There are many different sources for residence information. Some families moved quite often and so residence informationin might have changed every couple years - at least during some time periods.
Google's indexed list of books, magazines, almanacs, directories, legal publications and more contain community histories, biographies, obituaries and other information that can be very useful to genealogists.
Go to Google's website and on the left side click Books (you might need to first click "More" to find Books). Then enter your ancestors' name, city, town or county where he or she died. Add or eliminate search terms based on your initial results.
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In some cases you might know where an ancestor lived but would like a specific address at some point in time. There are a number of good sources for that information.
Census reports and Directories, like city, school, employment and other organizations, are good places to find addresses. Phone books, year books, marriage applications, draft cards and other military enlistment applications are also good sources.
High school and college yearbooks are a good source of addresses at the time of an ancestor's graduation. Usually the yearbooks list only the addresses of those in the graduating class. Since this will usually be the address for the family yearbooks are also a good source for the address of the parents and some siblings of the graduate.
See our discussion of Yearbooks for some additional tips on finding ancestor information.
Marriage License Applications are a good source of useful information including the residences of the bride and groom.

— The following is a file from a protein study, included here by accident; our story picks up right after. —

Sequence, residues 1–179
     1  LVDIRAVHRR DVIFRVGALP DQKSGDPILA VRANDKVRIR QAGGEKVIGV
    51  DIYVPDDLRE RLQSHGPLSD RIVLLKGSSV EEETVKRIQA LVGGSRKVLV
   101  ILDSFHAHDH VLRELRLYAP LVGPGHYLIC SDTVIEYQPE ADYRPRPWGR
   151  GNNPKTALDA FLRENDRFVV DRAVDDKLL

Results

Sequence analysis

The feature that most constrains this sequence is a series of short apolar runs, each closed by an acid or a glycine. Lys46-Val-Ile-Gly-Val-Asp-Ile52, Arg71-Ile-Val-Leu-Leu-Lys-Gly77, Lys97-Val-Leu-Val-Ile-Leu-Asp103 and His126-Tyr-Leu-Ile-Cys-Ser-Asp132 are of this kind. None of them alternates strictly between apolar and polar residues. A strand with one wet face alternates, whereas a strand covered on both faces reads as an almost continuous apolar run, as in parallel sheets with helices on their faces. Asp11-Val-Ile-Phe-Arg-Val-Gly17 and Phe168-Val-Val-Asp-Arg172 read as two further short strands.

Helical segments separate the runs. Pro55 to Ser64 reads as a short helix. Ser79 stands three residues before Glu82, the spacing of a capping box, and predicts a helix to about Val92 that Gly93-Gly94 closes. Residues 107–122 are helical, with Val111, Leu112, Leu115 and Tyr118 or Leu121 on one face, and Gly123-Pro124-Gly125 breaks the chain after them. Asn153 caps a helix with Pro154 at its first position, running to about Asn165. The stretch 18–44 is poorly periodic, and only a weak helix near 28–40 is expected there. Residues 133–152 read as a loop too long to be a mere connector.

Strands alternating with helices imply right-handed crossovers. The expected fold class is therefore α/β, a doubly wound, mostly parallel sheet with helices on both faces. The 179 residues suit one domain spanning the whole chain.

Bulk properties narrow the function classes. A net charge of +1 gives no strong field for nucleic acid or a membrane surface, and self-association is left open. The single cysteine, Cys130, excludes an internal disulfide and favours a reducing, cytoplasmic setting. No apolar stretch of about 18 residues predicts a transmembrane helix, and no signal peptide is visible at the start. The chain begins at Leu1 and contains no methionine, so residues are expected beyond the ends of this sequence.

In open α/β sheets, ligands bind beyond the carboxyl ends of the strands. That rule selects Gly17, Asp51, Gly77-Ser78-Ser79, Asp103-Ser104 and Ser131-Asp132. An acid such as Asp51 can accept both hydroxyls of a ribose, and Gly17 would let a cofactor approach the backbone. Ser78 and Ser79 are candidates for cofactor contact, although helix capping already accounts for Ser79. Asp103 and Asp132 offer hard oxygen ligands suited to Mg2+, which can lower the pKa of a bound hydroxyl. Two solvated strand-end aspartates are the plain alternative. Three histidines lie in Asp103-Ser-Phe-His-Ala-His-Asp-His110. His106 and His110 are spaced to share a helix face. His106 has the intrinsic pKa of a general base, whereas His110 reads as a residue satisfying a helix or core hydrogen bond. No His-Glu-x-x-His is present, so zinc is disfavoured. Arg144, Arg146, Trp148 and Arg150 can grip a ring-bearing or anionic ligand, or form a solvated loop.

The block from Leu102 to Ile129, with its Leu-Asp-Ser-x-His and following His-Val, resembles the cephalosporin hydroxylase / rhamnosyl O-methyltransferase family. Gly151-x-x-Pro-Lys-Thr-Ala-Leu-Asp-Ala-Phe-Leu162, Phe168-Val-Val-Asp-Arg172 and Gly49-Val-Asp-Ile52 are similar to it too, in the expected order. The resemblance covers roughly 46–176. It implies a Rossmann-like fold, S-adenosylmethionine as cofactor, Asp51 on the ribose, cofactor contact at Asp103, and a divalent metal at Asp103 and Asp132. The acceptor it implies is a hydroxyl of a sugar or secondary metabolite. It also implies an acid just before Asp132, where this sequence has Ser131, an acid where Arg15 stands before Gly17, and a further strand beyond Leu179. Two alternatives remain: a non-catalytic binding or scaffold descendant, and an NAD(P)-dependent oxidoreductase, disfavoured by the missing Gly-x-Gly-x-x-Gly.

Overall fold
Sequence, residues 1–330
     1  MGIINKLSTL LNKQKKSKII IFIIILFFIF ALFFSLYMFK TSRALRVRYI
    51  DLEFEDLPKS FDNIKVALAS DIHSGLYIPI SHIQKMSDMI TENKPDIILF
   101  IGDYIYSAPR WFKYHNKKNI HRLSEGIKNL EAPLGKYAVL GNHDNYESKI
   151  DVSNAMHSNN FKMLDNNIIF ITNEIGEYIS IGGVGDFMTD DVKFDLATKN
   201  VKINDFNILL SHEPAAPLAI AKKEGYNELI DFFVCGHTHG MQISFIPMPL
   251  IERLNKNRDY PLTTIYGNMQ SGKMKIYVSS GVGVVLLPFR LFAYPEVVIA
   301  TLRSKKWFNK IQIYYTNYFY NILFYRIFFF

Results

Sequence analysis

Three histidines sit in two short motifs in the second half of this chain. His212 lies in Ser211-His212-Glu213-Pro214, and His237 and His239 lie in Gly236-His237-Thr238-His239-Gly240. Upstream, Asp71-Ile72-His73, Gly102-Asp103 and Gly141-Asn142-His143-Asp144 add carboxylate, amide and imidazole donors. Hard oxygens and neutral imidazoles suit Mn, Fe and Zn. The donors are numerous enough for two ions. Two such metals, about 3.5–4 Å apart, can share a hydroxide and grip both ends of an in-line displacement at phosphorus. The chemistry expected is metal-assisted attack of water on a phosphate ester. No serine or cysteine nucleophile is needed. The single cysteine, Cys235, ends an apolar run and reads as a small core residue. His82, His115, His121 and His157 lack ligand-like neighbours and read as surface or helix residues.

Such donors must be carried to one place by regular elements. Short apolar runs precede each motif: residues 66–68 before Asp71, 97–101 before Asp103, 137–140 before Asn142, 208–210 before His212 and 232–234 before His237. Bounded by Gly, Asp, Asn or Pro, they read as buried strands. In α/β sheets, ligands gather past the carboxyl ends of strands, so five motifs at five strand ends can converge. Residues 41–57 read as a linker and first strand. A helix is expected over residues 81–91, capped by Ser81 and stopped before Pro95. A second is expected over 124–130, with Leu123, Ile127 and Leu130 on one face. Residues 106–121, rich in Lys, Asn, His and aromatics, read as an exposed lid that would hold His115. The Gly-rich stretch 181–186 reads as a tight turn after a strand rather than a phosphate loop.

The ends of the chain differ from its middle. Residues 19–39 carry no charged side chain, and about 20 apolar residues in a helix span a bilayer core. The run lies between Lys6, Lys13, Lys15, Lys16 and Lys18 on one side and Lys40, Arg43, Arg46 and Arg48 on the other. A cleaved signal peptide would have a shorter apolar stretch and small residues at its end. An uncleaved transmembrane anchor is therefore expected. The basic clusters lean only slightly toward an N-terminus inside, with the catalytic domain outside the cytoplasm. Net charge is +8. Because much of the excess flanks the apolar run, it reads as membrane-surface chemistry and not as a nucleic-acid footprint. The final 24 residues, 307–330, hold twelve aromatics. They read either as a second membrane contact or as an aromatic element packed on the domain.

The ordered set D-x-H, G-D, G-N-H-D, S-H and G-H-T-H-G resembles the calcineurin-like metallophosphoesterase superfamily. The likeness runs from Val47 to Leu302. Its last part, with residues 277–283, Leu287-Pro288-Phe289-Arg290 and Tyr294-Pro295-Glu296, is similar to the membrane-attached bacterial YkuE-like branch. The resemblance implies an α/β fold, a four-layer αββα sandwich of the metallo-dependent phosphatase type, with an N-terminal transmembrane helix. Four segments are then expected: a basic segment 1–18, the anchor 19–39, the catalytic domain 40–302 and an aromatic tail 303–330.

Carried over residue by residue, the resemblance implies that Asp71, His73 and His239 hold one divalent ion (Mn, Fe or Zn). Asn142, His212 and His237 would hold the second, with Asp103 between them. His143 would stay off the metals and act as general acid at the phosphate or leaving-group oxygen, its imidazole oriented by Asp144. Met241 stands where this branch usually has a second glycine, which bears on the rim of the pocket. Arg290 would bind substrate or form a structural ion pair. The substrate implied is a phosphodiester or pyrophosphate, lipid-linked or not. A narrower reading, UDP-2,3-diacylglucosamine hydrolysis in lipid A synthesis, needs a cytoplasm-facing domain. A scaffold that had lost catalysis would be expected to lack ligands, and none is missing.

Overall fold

You can also find the names of the parents of both the bride and groom and this includes the maiden names of both mothers.
In many cases you can find the residence addresses for all 4 parents of the bride and groom. Family Search is a good online source for marriage records.
If you are looking for the residence of a male who was living in the United States in 1942 you might try looking for a copy of his World War II Draft Registration Card.
All males born between April 28, 1877 and February 16, 1897 were required to register for the draft and place of residence questions were on the form. You should be able to find his residence street name and number, city, county and state. See our discussion of Military Records for additional information.
Military records for the different branches of service are good places to find residence information. In the United States an individual's enlistment records should contain at minimum the county and state where the individual was residing at the time of enlistment.
The amount of detail in the residence information depends on the form used by the branch of service at the time of enlistment. See our discussion of Military Records for additional information.
You can usually find residence information for a deceased US citizen in the Social Security Death Index. You will find the county and state of the deceased's "Last Place of Residence".
The Social Security Death Index (SSDI) provides information about deceased people who had registered with Social Security - many people born before 1900 had registered. See our discussion of the Social Security Death Index.
If you are looking for the residence of a male who was living in the United States between June, 1917 and September, 1918 you might try looking for a copy of his World War I Draft Registration Card.
All males born between 1872 and 1900 were required to register for the draft and place of residence questions were on the form. You should be able to find his residence street name and number, city, county and state. See our discussion of Military Records for additional information.
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